Early Morning Kommentar

 -  Asia midday crude futures: Ice Brent steadies

15 April (Argus) — Ice Brent crude futures were largely steady in early Asian trading today, shrugging off the escalation of the conflict in the Middle East with Iran's strikes against Israel.

At 04:00 GMT the Ice front-month June Brent contract was at $90.27/bl, down by 18¢/bl from its settlement on 12 April when the contract ended 71¢/bl higher.

The Nymex front-month May crude contract was at $85.39/bl, lower by 27¢/bl from its settlement on 12 April when the contract ended 64¢/bl higher.

Oil prices had hit a more-than five month high of $92.18/bl on 12 April with rising Middle East tensions. But crude futures were largely unmoved in early trading on 15 April, as the market keeps a close watch for an indication of how Israel will respond to Iran's attacks. The country's war cabinet is meeting to discuss its next steps. Iran fired hundreds of drones and missiles against Israel on the evening of 13 April, ushering in a new phase in a six-month conflict that had centred on Gaza that is threatening regional escalation. Almost all were intercepted before they reached Israeli airspace, according to the Israel Defence Forces.

Iran, the US and regional powers appear to want to avoid any further increase in hostilities. Tehran's foreign minister Hossein Amir-Abdollahian said Iran considers its operation to have ended. The US is urging Israel to claim victory for its defence, in an apparent effort to discourage Israeli prime minister Benjamin Netanyahu's government from feeling compelled to retaliate.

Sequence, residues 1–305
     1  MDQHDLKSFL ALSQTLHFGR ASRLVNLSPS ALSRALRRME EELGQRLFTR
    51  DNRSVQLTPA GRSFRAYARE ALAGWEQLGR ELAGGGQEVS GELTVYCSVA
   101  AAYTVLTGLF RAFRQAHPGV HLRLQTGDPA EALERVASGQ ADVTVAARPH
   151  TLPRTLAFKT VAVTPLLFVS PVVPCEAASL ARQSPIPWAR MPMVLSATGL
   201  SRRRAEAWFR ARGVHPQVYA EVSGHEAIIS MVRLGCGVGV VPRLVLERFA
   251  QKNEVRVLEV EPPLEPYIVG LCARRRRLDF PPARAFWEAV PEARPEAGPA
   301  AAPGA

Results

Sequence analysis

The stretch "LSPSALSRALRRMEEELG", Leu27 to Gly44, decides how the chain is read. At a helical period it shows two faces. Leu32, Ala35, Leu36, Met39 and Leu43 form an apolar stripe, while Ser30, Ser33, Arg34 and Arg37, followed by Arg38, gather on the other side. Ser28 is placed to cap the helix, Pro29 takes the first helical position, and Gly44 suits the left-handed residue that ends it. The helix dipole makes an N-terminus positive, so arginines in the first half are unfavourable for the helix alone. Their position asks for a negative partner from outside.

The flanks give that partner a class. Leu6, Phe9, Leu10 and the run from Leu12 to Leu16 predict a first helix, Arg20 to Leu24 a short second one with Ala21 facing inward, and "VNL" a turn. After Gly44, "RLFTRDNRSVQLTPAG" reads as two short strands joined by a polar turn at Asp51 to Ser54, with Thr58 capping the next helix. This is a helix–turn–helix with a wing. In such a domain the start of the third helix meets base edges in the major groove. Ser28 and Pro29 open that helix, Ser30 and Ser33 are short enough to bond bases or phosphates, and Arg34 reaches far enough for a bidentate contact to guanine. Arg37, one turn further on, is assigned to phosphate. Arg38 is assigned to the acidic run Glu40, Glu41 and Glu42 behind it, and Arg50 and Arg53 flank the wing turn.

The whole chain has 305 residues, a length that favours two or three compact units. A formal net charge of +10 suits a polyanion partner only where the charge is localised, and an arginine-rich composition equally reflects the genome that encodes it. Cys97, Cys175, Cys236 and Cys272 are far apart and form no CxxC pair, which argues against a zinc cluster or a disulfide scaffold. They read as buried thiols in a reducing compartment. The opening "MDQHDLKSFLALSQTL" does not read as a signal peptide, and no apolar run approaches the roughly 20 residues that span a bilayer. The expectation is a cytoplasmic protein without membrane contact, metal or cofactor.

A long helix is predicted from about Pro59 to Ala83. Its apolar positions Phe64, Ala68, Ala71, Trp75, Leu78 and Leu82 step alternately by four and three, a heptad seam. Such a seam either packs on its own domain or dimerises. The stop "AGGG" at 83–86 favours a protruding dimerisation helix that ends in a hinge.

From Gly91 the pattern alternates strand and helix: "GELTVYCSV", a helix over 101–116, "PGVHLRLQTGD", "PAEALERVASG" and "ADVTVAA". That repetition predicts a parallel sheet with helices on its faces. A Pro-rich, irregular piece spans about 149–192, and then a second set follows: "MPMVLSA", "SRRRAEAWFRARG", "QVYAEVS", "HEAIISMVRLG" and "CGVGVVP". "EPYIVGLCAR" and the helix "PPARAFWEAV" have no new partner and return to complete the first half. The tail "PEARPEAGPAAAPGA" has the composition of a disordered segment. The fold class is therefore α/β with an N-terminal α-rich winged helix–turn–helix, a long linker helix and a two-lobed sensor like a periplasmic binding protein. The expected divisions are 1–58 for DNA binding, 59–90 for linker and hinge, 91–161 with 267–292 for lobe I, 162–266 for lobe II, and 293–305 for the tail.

Regional shipping also continues to face the risk of disruptions. Iranian naval vessels on 13 April seized the Portuguese flagged, British-owned MSC Aries container ship transiting through the Gulf of Oman.

Ukrainian drone strikes on Russia's refineries could affect global markets and Kyiv should pick alternative targets, according to US defence secretary Lloyd Austin. "Those attacks could have a knock-on effect" for global oil supply, Austin told the Senate Armed Services Committee on 9 April. His remarks are the first public confirmation of concerns that Washington has expressed to Kyiv about the strikes, which may have forced more than 800,000 b/d of Russian refining capacity off line. Ukrainian president Volodymyr Zelenskiy says Kyiv will end the attacks if Russia stops strikes on Ukraine's power grid.

Global refinery runs will average 1mn b/d above 2023 levels this year, the IEA forecast in its latest Oil Markets Report, marking a downwards revision of 160,000 b/d since its previous projection. The downgrade to 2024 growth mainly reflects the impact of drone attacks on Russian refineries in the first half of the year. "Unplanned outages in Europe and tepid Chinese runs also contribute to a slower rebound from the 1Q 24 low point for the year," the IEA said.